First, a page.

Paper pretty but I'd do some more research most of my paper is quotes -
"Some ten to twenty-five million people (that is less than 1% of the earth's population) currently make it[high altitude zones] their home(Moran,143)." The adjustment high altitude populations must make are firstly physical and secondly cultural. Although most people adapt culturally to their surroundings, in a high altitude environment these cultural changes alone aren't enough. Many physical adaptations that reflect "the genetic plasticity common to all of mankind(Molinar,219)" have to be made to survive and even more than that thrive in this type of environment.
In this paper I will describe the high altitude stresses. Along with adaptations made by the populations living in them. The two high altitude populations which I will examine in this paper are the Tibetan people of the Asian Himalayas and the Quechua of the South American Andes.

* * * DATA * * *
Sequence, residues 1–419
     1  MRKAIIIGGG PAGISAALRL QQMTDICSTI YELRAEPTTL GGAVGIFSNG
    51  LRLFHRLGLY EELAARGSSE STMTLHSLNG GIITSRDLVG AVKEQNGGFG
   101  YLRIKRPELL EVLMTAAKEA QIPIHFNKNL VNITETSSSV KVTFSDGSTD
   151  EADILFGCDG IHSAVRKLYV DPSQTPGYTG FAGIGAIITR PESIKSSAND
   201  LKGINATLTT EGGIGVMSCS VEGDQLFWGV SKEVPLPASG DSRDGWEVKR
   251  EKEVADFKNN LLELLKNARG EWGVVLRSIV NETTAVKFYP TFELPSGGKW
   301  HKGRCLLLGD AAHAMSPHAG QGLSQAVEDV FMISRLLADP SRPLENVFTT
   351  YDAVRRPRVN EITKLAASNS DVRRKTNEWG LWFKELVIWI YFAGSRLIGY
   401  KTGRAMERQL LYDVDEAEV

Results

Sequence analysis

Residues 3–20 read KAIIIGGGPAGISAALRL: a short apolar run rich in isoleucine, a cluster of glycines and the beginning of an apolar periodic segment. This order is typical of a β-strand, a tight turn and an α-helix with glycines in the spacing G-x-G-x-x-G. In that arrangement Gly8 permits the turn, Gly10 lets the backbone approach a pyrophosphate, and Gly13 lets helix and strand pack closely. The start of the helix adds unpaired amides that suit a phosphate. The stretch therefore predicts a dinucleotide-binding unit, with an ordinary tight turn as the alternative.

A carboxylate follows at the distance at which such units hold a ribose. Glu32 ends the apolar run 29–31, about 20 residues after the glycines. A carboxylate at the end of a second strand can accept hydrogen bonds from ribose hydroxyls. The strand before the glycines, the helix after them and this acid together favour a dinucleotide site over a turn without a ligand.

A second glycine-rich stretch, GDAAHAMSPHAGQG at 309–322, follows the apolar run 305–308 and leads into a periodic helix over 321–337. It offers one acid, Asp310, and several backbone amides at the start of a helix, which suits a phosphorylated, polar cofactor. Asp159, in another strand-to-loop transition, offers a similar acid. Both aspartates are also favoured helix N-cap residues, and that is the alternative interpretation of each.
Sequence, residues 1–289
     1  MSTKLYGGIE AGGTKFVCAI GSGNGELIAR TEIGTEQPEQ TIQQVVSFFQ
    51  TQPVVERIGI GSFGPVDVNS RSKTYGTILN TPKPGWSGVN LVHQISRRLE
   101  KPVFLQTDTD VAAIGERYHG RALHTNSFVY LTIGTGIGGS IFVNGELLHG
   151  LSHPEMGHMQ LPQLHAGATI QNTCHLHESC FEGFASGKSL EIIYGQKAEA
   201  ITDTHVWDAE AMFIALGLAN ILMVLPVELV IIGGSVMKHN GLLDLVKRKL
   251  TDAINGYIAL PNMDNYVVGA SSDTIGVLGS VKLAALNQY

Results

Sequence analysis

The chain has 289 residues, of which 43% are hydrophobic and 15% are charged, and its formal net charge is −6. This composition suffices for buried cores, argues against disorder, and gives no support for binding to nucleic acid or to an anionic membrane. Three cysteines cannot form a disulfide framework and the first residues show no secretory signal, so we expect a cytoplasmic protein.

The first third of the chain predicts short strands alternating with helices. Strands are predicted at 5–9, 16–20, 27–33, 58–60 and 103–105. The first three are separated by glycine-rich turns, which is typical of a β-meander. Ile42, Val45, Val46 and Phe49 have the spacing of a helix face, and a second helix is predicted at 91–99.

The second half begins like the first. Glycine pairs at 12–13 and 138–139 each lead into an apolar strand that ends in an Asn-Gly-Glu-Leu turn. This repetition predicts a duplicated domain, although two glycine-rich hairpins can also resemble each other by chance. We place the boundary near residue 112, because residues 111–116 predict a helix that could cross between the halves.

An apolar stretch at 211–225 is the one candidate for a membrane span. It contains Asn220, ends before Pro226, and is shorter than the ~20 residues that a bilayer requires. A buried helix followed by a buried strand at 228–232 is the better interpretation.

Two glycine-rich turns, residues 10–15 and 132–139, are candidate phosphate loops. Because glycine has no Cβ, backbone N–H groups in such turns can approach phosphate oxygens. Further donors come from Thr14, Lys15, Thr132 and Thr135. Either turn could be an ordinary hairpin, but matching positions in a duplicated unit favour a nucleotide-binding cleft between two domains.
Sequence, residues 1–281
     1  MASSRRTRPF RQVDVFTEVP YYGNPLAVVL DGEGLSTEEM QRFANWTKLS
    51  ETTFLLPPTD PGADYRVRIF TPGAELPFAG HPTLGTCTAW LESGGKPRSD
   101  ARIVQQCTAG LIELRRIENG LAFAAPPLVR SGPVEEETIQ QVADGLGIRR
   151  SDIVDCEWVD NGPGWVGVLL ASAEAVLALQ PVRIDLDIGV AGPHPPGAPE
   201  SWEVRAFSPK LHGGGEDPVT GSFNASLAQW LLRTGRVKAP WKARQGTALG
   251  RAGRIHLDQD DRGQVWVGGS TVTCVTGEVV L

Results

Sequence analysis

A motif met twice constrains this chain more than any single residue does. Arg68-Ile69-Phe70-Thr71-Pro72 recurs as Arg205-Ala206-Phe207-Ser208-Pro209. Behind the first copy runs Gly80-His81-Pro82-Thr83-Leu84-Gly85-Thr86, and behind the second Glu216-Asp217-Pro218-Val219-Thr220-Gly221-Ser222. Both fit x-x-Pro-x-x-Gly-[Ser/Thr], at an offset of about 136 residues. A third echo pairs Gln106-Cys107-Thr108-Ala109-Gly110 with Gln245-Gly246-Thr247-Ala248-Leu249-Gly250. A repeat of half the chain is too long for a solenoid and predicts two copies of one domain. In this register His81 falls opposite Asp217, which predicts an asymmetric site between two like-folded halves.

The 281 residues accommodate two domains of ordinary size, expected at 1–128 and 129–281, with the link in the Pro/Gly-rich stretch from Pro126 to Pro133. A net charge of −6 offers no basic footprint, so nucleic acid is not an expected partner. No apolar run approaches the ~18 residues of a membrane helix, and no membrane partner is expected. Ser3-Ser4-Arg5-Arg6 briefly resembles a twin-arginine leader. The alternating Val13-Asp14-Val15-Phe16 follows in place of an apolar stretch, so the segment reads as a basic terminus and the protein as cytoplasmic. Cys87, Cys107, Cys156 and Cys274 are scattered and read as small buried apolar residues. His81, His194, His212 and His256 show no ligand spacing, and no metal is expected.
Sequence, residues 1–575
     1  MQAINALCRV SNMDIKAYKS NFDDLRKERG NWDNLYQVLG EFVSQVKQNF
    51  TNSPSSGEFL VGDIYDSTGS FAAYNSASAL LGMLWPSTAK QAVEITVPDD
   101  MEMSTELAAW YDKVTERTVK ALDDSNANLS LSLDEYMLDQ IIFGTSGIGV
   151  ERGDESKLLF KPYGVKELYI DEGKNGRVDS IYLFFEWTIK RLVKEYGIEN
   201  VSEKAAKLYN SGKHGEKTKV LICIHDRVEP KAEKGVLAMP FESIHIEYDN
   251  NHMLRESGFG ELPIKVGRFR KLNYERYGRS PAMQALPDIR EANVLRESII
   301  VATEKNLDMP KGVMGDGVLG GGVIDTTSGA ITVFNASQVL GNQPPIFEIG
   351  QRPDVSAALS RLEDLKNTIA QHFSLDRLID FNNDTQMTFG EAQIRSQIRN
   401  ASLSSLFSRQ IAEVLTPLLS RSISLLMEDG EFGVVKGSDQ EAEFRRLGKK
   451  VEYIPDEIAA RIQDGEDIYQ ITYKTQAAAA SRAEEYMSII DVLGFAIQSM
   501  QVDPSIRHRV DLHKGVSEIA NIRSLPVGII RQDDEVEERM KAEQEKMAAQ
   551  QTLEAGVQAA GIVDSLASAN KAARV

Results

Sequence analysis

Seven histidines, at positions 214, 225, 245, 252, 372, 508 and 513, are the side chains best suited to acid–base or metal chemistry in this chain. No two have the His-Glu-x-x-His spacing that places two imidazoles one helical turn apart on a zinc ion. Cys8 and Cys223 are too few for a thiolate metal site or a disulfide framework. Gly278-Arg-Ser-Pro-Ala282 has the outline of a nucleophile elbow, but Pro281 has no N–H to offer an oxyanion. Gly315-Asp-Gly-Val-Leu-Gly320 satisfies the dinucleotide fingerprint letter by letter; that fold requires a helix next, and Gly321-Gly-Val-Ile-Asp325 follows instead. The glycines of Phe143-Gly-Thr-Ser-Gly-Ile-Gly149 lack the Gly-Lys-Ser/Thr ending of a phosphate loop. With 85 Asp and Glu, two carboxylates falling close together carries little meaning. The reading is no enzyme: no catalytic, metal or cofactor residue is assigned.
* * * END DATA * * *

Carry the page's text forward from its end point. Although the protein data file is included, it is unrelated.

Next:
The Quechua are an Indian people who inhabit the highlands of Peru and Bolivia.
They speak Quechua, which is a branch of the Andean-Equitorial stock. They show many remnants of Inca heritage by their houses, music, and religion which has pagan rites under the Roman-Catholic surface. Their villages consist of kin groups . Their marriage partners are taken from within each village. Agriculture is the dominant subsistence pattern in the central Andean region but the Nunoa region where the Quechua reside can only support a few frost-resistant crops. Which include bitter potato, sweet potato, and a few grain crops of quinoa and canihua. The rest of the fruits and vegetables of the Quechua come from the eastern mountains on it's way to the markets. The most important subsistence pattern for the Quechua is stock raising. Which is limited to the few animals that do well in the high altitudes. Their stock include...